Motion agreed to.

PETITION OF CAPTAIN BERKELEY.] Mr. Warburton moved that the Order of the Day be read for the consideration of the petition of Captain Craven Berkeley relative to the East India Steam Ship Company Bill, and the action brought against him by Mr. Scott. The hon. Member presented the petition from the gallant Captain, praying that the House would allow its officers to attend a trial, in which he was defendant, in the Court of Common Pleas, and moved that the prayer of the petition be complied with.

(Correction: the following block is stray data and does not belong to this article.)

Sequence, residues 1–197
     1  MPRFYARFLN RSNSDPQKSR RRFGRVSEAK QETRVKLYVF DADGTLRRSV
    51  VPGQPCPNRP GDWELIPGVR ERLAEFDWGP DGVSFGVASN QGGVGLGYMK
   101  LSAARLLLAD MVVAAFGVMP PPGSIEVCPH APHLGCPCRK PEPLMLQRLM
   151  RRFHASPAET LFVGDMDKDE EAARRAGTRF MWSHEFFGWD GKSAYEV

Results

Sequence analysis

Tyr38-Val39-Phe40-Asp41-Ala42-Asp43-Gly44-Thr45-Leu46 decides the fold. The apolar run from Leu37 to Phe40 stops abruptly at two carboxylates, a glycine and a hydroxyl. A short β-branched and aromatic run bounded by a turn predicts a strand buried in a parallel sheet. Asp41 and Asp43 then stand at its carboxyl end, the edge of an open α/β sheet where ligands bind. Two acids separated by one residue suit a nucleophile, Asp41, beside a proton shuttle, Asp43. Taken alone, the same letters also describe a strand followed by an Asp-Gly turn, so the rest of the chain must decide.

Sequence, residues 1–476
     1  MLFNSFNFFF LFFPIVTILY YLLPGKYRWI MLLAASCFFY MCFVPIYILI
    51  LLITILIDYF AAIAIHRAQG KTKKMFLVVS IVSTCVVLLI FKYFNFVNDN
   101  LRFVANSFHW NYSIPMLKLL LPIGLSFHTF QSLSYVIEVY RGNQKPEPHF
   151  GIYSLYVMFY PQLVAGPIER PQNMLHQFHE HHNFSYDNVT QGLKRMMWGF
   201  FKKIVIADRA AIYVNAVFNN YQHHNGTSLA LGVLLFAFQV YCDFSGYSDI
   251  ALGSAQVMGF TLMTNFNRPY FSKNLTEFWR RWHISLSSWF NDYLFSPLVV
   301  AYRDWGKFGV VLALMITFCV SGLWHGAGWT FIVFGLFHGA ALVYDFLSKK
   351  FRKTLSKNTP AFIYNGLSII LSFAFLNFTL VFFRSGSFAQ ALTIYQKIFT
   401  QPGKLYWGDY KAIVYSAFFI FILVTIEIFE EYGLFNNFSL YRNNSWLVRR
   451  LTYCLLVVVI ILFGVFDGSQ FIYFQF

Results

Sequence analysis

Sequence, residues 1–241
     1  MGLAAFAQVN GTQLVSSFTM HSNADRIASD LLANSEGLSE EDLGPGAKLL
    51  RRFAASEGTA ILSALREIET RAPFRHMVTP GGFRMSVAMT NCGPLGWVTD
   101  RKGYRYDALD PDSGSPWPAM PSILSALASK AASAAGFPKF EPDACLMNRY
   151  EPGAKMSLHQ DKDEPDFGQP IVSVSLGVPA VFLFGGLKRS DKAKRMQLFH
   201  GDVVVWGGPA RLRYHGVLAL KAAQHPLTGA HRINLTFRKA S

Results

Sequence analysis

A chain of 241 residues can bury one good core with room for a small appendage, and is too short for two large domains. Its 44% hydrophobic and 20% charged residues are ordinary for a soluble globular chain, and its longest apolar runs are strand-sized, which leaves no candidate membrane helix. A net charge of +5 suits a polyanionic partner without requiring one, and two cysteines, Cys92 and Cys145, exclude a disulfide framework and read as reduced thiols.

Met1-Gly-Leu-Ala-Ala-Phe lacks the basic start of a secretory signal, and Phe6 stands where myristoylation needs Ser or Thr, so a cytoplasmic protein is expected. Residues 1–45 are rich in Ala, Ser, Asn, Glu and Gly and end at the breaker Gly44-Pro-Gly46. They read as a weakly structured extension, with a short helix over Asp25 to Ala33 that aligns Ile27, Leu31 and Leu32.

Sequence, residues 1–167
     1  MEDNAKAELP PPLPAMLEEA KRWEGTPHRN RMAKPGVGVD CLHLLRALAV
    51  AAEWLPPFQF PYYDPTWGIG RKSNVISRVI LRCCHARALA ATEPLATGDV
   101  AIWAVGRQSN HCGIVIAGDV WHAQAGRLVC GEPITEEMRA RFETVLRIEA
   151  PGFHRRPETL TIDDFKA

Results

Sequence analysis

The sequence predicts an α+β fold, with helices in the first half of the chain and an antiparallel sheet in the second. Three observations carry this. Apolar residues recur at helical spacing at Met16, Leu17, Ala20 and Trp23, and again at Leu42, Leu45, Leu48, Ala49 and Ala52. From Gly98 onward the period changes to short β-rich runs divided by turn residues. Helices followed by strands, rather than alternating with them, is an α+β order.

Mr. Baine was understood to say that he had been requested by Messrs. Scott, the plaintiffs in the action to which the petition referred, to state to the House the facts of this case. In 1840 Messrs. Scott had entered into a contract with the company in question to furnish them with a ship for India, at an expense of 35,0002. The manner in which the ship was built increased the expense to 40,000l. Messrs. Scott, in entering upon this contract, had had before them the prospectus of this company, containing the name of the hon. Member for Cheltenham. That prospectus had been extensively circulated, with the